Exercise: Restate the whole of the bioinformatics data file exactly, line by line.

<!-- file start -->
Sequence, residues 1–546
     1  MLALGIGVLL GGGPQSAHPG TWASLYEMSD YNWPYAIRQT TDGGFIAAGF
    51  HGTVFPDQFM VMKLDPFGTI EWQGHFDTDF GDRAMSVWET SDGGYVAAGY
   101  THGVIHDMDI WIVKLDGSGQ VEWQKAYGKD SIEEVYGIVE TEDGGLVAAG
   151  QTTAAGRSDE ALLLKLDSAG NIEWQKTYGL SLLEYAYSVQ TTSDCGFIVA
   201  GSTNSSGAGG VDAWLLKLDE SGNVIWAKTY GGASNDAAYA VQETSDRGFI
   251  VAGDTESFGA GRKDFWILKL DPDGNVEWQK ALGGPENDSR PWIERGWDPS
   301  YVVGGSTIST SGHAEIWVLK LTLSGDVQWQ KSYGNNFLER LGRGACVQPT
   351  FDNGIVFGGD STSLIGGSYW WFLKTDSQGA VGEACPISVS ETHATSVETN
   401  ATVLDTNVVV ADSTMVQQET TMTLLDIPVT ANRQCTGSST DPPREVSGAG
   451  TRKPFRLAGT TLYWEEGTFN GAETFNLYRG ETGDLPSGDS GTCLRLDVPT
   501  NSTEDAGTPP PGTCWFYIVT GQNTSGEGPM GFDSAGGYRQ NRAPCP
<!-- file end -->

Sequence, residues 1–546
     1  MLALGIGVLL GGGPQSAHPG TWASLYEMSD YNWPYAIRQT TDGGFIAAGF
    51  HGTVFPDQFM VMKLDPFGTI EWQGHFDTDF GDRAMSVWET SDGGYVAAGY
   101  THGVIHDMDI WIVKLDGSGQ VEWQKAYGKD SIEEVYGIVE TEDGGLVAAG
   151  QTTAAGRSDE ALLLKLDSAG NIEWQKTYGL SLLEYAYSVQ TTSDCGFIVA
   201  GSTNSSGAGG VDAWLLKLDE SGNVIWAKTY GGASNDAAYA VQETSDRGFI
   251  VAGDTESFGA GRKDFWILKL DPDGNVEWQK ALGGPENDSR PWIERGWDPS
   301  YVVGGSTIST SGHAEIWVLK LTLSGDVQWQ KSYGNNFLER LGRGACVQPT
   351  FDNGIVFGGD STSLIGGSYW WFLKTDSQGA VGEACPISVS ETHATSVETN
   401  ATVLDTNVVV ADSTMVQQET TMTLLDIPVT ANRQCTGSST DPPREVSGAG
   451  TRKPFRLAGT TLYWEEGTFN GAETFNLYRG ETGDLPSGDS GTCLRLDVPT
   501  NSTEDAGTPP PGTCWFYIVT GQNTSGEGPM GFDSAGGYRQ NRAPCP